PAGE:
Mother Theresa wrote:The OP states that he dislikes Islam, "in its classical form" and he admits its harsh distinction between believers and non-believers is "like all successful religions." Which is why I was only confirming his point and giving examples of where Christianity draws the same harsh distinction that he claims Islam does.
Not adding anything new, I guess, but just illustrating the OP's point about all successful religions (Christianity anyway) making a harsh distinction between believers and non-believers.
Absolutely. The divisiveness that religion fosters between believers and unbelievers is my main criticism of religion in general. Locally, I see more of that behavior from the Southern Baptists than I do the Muslims. But then, the Baptists have the demographic advantage here.
I think that the religious differences tend to become more acute when there are other tensions between religiously diverse ethnic groups. I think that's uniformly true, even of "inclusive" religions like Buddhism. Anti-Muslim sentiment is strong among Buddhists in southern Thailand these days. But that's due to the Muslim attacks against Buddhists, not theological disagreements. Regardless, I don't think there's any doubt that Muslims are more likely to come into conflict with non-believing host societies than other religous groups.
Regarding Jaboney's assertion that integration is as much the responsibility of the host society as it is the migrant society, well, I disagree. As long as we live in a world divided into hundreds of nation-states, immigration will remain a privilege rather than a right. I think it's reasonable for societies to set certain conditions to that privilege, chief among them the expectation that permanent migrants will integrate peacefully. Europeans who want to stem the tide of Muslim integration aren't evil; they just don't want to see more migration of a religious group that isn't fitting in.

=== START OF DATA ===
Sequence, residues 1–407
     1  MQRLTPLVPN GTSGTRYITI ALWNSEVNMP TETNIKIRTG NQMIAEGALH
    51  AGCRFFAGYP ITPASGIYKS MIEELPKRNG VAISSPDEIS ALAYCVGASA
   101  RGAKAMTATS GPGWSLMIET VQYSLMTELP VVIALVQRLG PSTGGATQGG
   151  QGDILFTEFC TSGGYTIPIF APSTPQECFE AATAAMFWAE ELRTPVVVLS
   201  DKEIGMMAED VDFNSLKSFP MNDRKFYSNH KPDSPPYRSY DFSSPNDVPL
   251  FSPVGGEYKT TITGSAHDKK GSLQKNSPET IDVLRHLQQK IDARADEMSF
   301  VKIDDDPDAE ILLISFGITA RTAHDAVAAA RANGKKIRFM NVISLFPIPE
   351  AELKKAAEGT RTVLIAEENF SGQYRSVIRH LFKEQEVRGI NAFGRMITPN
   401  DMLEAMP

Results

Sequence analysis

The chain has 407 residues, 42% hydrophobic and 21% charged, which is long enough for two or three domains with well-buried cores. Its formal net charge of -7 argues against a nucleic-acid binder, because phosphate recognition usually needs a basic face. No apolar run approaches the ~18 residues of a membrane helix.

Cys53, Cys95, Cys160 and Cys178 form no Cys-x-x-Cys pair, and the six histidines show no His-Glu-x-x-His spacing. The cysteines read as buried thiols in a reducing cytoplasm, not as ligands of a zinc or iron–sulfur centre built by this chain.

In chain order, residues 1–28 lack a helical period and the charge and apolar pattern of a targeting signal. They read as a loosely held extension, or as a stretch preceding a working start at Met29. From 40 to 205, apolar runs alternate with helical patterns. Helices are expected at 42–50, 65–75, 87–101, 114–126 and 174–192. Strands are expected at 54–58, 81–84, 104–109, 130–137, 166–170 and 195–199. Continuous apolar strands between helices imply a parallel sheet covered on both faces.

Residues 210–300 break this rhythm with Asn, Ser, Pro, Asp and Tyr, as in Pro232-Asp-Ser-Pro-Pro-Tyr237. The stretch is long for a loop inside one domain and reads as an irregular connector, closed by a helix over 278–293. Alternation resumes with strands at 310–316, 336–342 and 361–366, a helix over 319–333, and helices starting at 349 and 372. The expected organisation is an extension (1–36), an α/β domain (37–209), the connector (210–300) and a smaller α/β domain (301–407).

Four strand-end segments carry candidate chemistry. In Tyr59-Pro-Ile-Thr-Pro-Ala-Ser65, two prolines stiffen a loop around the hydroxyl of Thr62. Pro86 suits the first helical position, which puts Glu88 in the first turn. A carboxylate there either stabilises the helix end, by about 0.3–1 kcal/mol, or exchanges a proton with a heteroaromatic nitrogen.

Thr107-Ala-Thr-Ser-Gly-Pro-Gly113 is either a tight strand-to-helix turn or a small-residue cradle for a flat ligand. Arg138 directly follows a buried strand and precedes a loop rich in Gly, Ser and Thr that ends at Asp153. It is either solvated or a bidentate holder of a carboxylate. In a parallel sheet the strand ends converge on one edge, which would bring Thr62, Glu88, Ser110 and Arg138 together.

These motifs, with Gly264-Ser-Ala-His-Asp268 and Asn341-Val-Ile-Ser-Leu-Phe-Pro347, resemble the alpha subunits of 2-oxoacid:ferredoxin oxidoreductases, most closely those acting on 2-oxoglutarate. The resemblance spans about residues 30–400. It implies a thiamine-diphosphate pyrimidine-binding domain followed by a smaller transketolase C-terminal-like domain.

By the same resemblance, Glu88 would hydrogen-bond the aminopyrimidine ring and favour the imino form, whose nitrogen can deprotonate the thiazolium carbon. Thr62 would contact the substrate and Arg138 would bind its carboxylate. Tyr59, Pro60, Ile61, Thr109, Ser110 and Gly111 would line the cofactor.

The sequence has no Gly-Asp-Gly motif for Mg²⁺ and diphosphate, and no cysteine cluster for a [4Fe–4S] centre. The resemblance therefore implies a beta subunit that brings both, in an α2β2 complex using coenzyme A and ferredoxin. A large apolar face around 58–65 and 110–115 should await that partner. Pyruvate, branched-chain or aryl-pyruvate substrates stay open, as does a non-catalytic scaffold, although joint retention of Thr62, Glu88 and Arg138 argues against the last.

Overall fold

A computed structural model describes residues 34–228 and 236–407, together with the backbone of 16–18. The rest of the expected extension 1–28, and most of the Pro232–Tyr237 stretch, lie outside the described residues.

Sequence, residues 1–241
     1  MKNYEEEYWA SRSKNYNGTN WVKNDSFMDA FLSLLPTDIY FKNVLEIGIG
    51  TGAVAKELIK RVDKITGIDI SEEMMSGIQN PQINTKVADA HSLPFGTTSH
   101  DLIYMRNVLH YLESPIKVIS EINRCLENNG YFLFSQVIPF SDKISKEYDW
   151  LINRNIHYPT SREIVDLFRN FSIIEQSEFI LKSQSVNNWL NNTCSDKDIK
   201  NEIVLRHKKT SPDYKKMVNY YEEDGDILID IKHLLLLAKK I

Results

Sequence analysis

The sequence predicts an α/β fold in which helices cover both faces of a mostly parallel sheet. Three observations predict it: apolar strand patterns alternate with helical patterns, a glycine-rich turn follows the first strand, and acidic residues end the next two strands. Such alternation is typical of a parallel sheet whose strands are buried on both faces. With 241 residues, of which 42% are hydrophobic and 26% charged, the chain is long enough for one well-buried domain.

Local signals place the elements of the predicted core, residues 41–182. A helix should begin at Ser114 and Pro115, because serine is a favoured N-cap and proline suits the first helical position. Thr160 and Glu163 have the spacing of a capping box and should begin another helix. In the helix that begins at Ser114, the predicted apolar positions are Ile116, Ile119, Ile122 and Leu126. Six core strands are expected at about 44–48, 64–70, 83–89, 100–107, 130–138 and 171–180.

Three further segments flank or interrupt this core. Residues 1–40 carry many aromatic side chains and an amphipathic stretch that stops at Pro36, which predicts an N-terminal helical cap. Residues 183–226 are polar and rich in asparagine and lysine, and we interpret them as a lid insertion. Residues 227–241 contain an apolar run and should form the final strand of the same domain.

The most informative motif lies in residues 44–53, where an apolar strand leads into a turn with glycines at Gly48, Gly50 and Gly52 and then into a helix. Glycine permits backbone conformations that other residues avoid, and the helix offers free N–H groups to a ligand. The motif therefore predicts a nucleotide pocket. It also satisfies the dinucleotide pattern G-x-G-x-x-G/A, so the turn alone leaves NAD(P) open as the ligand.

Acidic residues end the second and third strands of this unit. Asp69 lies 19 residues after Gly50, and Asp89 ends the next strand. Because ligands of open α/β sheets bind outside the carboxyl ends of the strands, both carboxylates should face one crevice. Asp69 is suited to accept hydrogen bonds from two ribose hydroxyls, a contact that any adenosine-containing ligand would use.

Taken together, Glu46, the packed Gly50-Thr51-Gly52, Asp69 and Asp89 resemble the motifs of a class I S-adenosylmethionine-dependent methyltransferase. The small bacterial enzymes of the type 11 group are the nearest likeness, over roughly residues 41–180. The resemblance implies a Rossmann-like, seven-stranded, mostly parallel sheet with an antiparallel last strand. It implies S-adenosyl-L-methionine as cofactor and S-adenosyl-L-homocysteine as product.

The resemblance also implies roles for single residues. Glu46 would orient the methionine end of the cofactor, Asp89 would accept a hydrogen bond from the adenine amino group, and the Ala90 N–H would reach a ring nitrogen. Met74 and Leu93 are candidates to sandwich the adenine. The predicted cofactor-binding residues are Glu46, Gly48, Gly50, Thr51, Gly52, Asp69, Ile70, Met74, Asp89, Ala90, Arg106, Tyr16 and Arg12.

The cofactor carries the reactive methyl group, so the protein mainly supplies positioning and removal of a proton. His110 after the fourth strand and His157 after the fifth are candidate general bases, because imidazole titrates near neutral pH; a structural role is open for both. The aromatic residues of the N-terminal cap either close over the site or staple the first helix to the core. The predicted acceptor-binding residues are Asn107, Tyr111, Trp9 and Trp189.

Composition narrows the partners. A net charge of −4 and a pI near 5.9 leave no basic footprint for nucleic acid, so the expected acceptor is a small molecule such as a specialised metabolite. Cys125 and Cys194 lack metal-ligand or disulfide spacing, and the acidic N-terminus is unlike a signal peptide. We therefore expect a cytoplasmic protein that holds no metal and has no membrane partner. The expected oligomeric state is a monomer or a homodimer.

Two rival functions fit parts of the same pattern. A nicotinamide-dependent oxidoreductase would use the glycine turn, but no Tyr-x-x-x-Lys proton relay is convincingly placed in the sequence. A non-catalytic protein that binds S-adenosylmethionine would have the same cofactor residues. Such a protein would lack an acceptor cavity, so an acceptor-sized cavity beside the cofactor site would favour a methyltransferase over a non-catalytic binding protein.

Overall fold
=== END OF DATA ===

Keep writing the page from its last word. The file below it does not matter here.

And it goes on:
As for why Muslims aren't integrating well in Europe but are in North America, I think Jaboney has already answered his own question - the US and Canada have higher standards for immigration. They're looking for professionals, not hordes of working class Turks and Berbers. And yet, working class East Asians integrate far better in Europe and elsewhere than do Muslim groups. Maybe that's because they have a stronger work ethic and don't allow themselves to stay unemployed for long. But I don't think it's a coincidence that some migrant groups can integrate anywhere and others cannot.
One of my biggest problems with Islam is the violent reactions its adherents display against any criticism. A Dutch film maker was murdered because he produced an 11-minute film criticizing the treatment of women in Islam. Danish cartoonists were forced to go into hiding because they drew unflattering cartoons of Muhammad. More disturbing than the actual events was the overwhelming support that Muslims demonstrated for the murderers. European Muslims staged mass protests against the cartoonists, and Danish embassies were attacked abroad. Several people were murdered during the protests, including a nun. I don't think that Islam and democracy mix particularly well.